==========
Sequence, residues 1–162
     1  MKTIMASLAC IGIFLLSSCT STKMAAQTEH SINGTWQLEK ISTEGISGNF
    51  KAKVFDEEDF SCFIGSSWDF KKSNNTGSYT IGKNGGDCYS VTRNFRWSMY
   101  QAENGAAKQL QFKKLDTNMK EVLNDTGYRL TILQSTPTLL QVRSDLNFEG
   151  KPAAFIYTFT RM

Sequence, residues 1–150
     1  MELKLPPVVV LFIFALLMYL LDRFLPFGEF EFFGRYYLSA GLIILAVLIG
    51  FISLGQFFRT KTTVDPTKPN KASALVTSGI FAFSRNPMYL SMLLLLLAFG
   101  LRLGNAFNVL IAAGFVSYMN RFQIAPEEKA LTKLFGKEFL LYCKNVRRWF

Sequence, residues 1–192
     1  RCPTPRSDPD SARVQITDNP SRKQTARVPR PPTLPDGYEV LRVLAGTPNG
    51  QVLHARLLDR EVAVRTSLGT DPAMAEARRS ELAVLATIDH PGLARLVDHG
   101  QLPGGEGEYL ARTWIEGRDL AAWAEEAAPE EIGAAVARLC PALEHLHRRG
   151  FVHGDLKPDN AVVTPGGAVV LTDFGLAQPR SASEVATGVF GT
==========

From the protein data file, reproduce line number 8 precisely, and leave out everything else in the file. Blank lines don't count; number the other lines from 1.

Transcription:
    51  FISLGQFFRT KTTVDPTKPN KASALVTSGI FAFSRNPMYL SMLLLLLAFG